Presentation Abstract

How do ocean mixing regimes influence primary productivity and carbon dynamics? Primary productivity is a key quantity in the quality of habitat for higher trophic levels including larval salmon. Here, we analyze the physical oceanographic and primary productivity dynamics of the Salish Sea using the output of SalishSeaCast, a newly-developed biophysical model based on the NEMO framework (Olson et al, in preparation). The biophysical model estimates three classes of primary producers - diatoms, small flagellates and Mesodynium rubrum. Here, we consider daily depth-integrated biomass signals for all three organismal classes extracted from the model domain over the course of two years, as well as daily signals of halocline depth, river input, wind energy, and tidal mixing. These signals are then analyzed using a normalized hierarchical clustering approach. The analysis shows large biomass variance (~2 orders of magnitude) throughout the model domain, and clear spatial patterns in biomass correspond to regions dominated by different mixing and stratification regimes. The signal clusters demonstrate a clear boundary between the biomass patterns in the Northern and Southern Strait of Georgia, and offer a physical explanation for the difference. We then compare this output to carbonate chemistry data and the developing carbonate chemistry numerical model, to gain insight into biophysical drivers of carbonate chemistry distribution in different regions of the Strait. The study represents the first attempt at a large-scale statistical analysis of the newly-developed model, and demonstrates the unique utility of this approach in identifying discrete regions governed by various primary productivity regimes, and provides a framework for considering their effects on carbonate chemistry. In the future, such an analysis may be used to understand the impact of shifting stratification and mixing regimes on the interaction of primary productivity and carbonate chemistry under anthropogenic climate change.

Session Title

The Salish Sea Marine Survival Project: Phytoplankton and Zooplankton

Keywords

Carbonate chemistry, Data science, Numerical modelling, Physical oceanography

Conference Track

SSE11: Species and Food Webs

Conference Name

Salish Sea Ecosystem Conference (Seattle, WA : 2018)

Document Type

Event

SSEC Identifier

SSE11-497

Start Date

5-4-2018 3:45 PM

End Date

5-4-2018 4:00 PM

Type of Presentation

Oral

Contributing Repository

Digital content made available by University Archives, Heritage Resources, Western Libraries, Western Washington University.

Geographic Coverage

Salish Sea (B.C. and Wash.)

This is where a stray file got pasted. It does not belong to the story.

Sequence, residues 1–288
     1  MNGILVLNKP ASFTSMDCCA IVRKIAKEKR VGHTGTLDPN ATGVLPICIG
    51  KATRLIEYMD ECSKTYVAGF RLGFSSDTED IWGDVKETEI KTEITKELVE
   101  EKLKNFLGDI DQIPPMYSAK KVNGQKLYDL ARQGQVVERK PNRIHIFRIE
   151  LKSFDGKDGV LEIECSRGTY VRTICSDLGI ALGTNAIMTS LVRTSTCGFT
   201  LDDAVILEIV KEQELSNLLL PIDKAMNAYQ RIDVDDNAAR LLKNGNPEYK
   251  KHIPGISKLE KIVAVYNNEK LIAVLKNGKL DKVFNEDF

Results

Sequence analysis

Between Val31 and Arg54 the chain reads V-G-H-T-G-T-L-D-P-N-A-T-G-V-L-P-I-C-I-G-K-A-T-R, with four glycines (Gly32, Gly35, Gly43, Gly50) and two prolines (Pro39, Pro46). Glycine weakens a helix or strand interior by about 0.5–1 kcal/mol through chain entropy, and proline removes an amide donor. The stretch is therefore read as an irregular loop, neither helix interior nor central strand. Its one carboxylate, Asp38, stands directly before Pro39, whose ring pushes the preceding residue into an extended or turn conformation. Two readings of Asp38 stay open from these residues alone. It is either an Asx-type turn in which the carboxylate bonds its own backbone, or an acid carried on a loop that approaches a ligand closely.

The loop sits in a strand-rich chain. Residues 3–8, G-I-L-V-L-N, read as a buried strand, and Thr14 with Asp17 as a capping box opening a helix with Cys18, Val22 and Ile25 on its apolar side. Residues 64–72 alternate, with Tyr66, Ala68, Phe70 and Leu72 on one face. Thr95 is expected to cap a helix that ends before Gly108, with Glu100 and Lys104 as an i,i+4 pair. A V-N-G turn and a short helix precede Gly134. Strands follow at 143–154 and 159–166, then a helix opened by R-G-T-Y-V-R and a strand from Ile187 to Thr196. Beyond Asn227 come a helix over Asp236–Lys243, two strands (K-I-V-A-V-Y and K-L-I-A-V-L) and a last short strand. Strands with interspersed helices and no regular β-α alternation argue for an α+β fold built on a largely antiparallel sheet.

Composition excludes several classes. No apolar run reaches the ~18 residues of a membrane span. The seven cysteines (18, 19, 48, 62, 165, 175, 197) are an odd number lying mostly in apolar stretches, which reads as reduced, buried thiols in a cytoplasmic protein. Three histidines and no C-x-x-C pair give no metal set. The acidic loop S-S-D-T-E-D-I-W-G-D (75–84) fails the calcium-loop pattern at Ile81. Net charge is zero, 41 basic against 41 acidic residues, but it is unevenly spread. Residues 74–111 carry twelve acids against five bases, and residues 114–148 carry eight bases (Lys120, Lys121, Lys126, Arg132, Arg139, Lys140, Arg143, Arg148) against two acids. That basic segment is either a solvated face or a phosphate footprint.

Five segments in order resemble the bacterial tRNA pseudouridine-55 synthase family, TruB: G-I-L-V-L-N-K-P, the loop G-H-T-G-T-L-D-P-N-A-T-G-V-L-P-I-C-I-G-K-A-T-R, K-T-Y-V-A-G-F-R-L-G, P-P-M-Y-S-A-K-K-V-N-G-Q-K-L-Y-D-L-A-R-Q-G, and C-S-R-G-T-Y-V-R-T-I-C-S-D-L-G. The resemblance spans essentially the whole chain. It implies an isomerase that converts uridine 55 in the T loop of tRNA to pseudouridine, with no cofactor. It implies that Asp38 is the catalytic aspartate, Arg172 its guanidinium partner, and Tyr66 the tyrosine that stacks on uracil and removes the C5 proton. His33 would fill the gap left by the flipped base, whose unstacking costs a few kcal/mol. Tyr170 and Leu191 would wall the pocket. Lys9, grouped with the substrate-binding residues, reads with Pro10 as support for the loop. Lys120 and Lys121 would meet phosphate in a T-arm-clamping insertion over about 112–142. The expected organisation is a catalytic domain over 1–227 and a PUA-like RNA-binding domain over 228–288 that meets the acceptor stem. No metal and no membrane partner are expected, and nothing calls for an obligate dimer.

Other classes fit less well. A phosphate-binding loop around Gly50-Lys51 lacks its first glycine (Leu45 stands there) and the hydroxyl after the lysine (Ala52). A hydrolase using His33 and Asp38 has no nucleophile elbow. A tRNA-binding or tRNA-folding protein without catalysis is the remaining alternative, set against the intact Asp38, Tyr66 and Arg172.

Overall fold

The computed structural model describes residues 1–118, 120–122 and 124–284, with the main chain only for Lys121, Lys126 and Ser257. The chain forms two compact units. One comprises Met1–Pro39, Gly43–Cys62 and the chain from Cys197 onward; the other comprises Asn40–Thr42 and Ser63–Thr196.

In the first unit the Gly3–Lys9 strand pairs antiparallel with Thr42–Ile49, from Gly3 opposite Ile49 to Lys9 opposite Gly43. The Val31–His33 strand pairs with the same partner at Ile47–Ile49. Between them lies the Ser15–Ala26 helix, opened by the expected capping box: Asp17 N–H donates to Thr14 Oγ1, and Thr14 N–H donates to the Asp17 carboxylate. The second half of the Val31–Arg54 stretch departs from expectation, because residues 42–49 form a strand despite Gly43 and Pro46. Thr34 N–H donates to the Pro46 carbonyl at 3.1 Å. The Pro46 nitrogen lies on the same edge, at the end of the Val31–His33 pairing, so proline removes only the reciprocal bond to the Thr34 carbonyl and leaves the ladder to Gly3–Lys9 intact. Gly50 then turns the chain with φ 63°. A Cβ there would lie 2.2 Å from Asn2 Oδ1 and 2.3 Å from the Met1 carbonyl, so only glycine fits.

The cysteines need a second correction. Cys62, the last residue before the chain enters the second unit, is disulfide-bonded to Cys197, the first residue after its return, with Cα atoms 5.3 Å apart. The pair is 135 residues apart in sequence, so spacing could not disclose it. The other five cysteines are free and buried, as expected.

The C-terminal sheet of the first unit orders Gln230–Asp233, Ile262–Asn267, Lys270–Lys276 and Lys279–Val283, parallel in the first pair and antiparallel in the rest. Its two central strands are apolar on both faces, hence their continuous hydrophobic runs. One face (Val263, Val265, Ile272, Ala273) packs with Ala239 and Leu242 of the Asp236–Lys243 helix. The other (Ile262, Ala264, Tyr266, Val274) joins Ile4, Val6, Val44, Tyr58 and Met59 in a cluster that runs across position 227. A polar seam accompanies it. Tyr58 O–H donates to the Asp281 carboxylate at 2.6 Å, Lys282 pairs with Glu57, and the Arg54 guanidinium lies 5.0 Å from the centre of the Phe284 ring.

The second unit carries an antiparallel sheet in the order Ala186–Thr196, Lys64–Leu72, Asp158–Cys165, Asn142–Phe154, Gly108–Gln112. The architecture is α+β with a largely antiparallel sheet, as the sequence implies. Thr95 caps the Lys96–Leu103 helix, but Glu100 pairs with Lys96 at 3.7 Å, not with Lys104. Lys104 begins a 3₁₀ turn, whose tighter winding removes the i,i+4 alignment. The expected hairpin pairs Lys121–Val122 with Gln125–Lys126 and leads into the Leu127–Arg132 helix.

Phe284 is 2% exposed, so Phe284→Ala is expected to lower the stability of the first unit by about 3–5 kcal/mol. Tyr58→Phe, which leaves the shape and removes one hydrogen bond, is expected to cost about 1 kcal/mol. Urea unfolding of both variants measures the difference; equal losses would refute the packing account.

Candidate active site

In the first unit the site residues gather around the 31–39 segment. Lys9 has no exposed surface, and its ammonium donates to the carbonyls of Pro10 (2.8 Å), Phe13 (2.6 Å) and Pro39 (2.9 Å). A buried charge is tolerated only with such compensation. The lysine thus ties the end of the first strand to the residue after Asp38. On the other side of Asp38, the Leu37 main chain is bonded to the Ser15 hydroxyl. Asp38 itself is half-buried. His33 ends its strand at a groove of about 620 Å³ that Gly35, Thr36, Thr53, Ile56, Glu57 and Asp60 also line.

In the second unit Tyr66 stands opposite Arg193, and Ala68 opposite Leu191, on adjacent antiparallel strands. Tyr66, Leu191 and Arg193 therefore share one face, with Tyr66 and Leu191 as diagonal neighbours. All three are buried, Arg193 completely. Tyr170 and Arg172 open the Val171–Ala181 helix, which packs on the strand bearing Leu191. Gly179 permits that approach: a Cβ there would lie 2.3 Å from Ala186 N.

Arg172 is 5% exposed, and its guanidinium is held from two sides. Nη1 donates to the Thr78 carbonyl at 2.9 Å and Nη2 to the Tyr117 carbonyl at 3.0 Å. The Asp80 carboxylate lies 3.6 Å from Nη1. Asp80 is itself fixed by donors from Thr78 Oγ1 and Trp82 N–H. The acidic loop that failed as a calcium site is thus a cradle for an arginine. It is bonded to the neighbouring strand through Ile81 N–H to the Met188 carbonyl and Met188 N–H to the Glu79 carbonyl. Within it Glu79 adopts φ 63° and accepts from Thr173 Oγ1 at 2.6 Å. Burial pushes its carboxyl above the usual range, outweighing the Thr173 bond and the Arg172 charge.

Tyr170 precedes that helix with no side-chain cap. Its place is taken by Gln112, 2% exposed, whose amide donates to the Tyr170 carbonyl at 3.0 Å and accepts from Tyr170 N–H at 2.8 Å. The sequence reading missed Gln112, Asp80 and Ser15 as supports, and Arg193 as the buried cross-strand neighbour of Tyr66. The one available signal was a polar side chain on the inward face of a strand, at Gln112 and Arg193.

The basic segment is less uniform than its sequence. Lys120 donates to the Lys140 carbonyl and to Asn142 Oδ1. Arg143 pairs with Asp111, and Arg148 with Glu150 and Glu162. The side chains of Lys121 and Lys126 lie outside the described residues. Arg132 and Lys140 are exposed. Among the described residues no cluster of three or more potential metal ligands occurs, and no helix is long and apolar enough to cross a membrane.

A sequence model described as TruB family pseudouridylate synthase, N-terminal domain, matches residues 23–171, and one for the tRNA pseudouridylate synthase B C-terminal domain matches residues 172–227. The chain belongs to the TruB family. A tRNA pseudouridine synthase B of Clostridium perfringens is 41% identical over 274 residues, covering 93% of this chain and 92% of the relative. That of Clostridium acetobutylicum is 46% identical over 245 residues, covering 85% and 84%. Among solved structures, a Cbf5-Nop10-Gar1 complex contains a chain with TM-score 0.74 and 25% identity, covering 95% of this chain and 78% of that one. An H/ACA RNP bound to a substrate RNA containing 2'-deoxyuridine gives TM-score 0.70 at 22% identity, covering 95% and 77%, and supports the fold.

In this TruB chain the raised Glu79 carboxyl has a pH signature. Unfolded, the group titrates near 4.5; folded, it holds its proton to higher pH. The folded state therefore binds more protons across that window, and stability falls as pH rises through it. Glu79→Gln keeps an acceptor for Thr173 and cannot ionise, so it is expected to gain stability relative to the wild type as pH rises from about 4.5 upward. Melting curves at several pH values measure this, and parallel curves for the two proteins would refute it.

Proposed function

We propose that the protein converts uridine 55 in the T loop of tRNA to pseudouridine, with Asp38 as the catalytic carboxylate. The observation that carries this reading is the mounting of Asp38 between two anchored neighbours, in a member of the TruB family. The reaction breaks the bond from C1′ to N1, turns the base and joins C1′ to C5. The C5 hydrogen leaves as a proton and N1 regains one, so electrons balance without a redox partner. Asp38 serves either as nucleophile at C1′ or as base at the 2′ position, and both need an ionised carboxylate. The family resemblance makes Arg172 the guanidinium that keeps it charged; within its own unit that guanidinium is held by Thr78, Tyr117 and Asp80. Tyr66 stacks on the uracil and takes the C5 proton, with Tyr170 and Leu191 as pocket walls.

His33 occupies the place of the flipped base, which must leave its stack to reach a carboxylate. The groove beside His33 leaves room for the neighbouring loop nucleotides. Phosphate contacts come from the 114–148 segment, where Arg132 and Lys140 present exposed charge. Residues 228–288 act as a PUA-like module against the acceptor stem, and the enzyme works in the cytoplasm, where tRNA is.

Rights

This resource is displayed for educational purposes only and may be subject to U.S. and international copyright laws. For more information about rights or obtaining copies of this resource, please contact University Archives, Heritage Resources, Western Libraries, Western Washington University, Bellingham, WA 98225-9103, USA (360-650-7534; heritage.resources@wwu.edu) and refer to the collection name and identifier. Any materials cited must be attributed to the Salish Sea Ecosystem Conference Records, University Archives, Heritage Resources, Western Libraries, Western Washington University.

Type

text

Language

English

Format

application/pdf

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Apr 5th, 3:45 PM Apr 5th, 4:00 PM

A data science approach to understanding physical drivers of coastal primary productivity and effects on carbonate chemistry

How do ocean mixing regimes influence primary productivity and carbon dynamics? Primary productivity is a key quantity in the quality of habitat for higher trophic levels including larval salmon. Here, we analyze the physical oceanographic and primary productivity dynamics of the Salish Sea using the output of SalishSeaCast, a newly-developed biophysical model based on the NEMO framework (Olson et al, in preparation). The biophysical model estimates three classes of primary producers - diatoms, small flagellates and Mesodynium rubrum. Here, we consider daily depth-integrated biomass signals for all three organismal classes extracted from the model domain over the course of two years, as well as daily signals of halocline depth, river input, wind energy, and tidal mixing. These signals are then analyzed using a normalized hierarchical clustering approach. The analysis shows large biomass variance (~2 orders of magnitude) throughout the model domain, and clear spatial patterns in biomass correspond to regions dominated by different mixing and stratification regimes. The signal clusters demonstrate a clear boundary between the biomass patterns in the Northern and Southern Strait of Georgia, and offer a physical explanation for the difference. We then compare this output to carbonate chemistry data and the developing carbonate chemistry numerical model, to gain insight into biophysical drivers of carbonate chemistry distribution in different regions of the Strait. The study represents the first attempt at a large-scale statistical analysis of the newly-developed model, and demonstrates the unique utility of this approach in identifying discrete regions governed by various primary productivity regimes, and provides a framework for considering their effects on carbonate chemistry. In the future, such an analysis may be used to understand the impact of shifting stratification and mixing regimes on the interaction of primary productivity and carbonate chemistry under anthropogenic climate change.